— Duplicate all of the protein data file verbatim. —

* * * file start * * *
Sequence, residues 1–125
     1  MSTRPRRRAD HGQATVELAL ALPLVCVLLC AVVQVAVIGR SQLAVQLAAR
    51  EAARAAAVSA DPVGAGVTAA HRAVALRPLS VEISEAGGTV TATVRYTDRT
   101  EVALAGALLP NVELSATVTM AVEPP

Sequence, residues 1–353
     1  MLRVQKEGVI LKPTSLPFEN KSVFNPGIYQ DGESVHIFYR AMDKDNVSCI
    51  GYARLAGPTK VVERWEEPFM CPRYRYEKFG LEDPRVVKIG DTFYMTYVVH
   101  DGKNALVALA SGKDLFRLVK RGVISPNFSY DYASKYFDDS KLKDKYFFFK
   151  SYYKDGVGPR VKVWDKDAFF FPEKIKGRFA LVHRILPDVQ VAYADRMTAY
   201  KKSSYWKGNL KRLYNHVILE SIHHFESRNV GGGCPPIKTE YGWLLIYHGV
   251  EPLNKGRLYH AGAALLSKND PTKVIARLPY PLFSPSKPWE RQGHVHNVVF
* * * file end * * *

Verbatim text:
Sequence, residues 1–125
     1  MSTRPRRRAD HGQATVELAL ALPLVCVLLC AVVQVAVIGR SQLAVQLAAR
    51  EAARAAAVSA DPVGAGVTAA HRAVALRPLS VEISEAGGTV TATVRYTDRT
   101  EVALAGALLP NVELSATVTM AVEPP

Sequence, residues 1–353
     1  MLRVQKEGVI LKPTSLPFEN KSVFNPGIYQ DGESVHIFYR AMDKDNVSCI
    51  GYARLAGPTK VVERWEEPFM CPRYRYEKFG LEDPRVVKIG DTFYMTYVVH
   101  DGKNALVALA SGKDLFRLVK RGVISPNFSY DYASKYFDDS KLKDKYFFFK
   151  SYYKDGVGPR VKVWDKDAFF FPEKIKGRFA LVHRILPDVQ VAYADRMTAY
   201  KKSSYWKGNL KRLYNHVILE SIHHFESRNV GGGCPPIKTE YGWLLIYHGV
   251  EPLNKGRLYH AGAALLSKND PTKVIARLPY PLFSPSKPWE RQGHVHNVVF